The Implementation of the Developmentalist Economic Programme. The First Aim: ‘Development’
When the results of the 23 February 1958 elections became known, Frigerio had reason to congratulate himself on his efforts: the Peronist masses had followed the ‘directive’ sent by Perón a few days earlier, and with the exception of 405,816 blank ballots, Peronists had now voted for the UCRI. Overall the party obtained 44.90 per cent of the votes, followed by the UCR with 28.90 per cent, the rest of the parties trailing far behind. The recently created Christian Democratic Party received 3.16 per cent of the votes, while the Socialists received the approval of only 2.92 per cent of the electorate, their best results being in the Federal Capital, their usual stronghold, where they obtained 5.64 per cent. Three small conservative parties managed to secure less than 1.5 per cent each, while Alsogaray’s PCI received 0.44 per cent. The UCRI had triumphed in all the provinces, and the 4,070,398 votes it received assured the party not only of all the provincial governorships and the majority in all provincial legislatures, but, in accordance with the Sáenz Peña Law, 70 per cent of the seats in the Chamber of Deputies(133) and all the 42 senators — as Babini described it with hindsight, ‘an anti-republican majority of totally addicted Congress and governorships’.1 The contradictory reactions sparked off by the news of the results of the elections held on 23 February provided an indication of the ambiguity of the UCRI victory.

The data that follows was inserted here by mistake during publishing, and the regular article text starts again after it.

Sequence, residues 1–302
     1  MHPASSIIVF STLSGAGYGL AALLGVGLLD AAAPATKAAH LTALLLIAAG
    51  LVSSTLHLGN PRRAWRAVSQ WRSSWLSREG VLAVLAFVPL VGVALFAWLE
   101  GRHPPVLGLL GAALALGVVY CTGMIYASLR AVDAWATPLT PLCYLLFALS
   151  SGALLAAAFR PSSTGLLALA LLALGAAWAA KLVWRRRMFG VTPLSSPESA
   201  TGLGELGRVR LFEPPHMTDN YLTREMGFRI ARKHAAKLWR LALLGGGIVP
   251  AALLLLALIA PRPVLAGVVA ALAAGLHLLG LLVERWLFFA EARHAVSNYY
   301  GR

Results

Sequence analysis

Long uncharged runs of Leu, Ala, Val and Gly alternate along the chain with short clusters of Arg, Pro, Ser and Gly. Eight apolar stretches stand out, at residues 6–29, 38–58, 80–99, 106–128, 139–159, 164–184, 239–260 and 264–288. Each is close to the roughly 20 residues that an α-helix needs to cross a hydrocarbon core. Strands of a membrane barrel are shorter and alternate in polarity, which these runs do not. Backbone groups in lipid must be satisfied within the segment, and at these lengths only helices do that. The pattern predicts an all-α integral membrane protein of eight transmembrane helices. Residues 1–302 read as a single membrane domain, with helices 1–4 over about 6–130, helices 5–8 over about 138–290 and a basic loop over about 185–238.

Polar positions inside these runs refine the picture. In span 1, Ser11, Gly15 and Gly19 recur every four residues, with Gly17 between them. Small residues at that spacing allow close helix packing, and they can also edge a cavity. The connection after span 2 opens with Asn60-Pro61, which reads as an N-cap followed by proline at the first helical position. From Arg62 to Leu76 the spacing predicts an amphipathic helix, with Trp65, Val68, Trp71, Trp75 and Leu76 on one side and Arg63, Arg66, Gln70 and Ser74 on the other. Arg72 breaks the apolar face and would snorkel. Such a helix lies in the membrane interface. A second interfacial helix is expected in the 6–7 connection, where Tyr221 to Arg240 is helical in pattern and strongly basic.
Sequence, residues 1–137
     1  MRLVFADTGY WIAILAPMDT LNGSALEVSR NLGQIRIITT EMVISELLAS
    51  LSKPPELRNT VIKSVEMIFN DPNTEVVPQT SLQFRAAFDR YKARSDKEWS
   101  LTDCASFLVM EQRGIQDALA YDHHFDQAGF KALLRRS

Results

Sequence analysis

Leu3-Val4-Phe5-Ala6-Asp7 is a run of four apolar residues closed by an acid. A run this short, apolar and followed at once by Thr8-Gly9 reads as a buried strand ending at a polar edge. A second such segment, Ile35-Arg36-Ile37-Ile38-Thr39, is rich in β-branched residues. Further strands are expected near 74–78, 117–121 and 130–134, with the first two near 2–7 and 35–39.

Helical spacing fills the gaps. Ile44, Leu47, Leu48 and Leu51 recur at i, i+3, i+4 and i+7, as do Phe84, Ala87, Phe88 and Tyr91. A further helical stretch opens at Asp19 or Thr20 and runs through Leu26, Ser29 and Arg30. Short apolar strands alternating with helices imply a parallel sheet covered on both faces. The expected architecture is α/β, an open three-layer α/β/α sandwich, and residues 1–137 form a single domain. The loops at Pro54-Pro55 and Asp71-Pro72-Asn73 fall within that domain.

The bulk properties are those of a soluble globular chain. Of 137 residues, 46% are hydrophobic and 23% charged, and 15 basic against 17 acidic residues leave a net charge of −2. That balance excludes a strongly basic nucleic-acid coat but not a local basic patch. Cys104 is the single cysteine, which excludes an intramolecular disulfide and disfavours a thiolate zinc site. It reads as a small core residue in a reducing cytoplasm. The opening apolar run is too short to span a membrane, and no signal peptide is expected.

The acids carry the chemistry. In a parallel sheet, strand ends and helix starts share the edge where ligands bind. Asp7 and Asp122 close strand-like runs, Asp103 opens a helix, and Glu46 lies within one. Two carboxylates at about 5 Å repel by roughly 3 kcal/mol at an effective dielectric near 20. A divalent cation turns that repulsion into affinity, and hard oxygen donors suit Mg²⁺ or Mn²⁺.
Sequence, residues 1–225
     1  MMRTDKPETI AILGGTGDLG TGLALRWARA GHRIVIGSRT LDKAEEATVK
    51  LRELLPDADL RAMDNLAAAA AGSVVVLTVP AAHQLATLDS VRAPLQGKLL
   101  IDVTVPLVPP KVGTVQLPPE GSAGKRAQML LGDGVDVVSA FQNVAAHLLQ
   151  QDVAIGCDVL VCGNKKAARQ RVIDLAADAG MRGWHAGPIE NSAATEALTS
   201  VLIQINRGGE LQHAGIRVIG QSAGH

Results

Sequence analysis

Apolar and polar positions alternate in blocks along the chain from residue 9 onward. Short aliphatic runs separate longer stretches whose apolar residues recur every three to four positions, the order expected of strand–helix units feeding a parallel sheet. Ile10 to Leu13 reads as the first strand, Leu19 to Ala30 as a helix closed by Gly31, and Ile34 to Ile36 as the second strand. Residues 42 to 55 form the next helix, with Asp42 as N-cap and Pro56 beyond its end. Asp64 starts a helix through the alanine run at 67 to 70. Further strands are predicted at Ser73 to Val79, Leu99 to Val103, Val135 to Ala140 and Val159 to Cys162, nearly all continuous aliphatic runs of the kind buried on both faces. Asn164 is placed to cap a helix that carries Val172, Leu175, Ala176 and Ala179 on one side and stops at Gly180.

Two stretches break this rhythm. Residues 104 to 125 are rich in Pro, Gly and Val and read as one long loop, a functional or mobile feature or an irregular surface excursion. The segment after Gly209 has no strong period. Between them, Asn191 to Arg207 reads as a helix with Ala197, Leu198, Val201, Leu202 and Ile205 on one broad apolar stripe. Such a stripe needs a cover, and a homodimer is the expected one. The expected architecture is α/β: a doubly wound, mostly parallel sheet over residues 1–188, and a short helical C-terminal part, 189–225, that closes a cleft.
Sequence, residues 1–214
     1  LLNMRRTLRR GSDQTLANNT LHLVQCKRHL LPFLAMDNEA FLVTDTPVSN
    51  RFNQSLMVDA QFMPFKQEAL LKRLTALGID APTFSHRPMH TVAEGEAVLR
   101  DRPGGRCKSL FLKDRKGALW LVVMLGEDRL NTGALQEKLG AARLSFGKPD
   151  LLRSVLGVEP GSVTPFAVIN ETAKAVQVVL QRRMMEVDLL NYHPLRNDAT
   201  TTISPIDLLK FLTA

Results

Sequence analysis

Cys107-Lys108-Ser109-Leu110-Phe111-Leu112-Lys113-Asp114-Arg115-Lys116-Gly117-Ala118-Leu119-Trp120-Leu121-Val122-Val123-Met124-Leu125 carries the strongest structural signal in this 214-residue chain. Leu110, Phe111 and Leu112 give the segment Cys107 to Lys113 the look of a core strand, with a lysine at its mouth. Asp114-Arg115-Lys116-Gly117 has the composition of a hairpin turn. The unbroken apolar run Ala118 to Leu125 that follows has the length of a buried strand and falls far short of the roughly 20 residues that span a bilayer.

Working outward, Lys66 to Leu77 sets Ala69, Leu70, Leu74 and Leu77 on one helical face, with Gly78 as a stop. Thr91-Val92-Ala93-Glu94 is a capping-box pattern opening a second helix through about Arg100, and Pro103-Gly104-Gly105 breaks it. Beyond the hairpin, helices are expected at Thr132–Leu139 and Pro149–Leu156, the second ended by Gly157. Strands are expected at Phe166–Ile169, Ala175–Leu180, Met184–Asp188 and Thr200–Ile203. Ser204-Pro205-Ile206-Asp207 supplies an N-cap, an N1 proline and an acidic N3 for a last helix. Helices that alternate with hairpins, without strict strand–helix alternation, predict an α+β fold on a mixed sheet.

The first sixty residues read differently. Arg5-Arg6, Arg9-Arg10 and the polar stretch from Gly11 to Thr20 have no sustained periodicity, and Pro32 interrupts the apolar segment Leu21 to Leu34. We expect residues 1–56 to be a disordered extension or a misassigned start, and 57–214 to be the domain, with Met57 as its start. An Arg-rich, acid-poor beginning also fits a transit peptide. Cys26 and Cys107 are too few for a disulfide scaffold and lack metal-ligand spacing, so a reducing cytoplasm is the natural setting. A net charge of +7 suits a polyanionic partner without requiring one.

KeywordsForeign Firm Capital Good Foreign Capital Fiscal Deficit Domestic Saving
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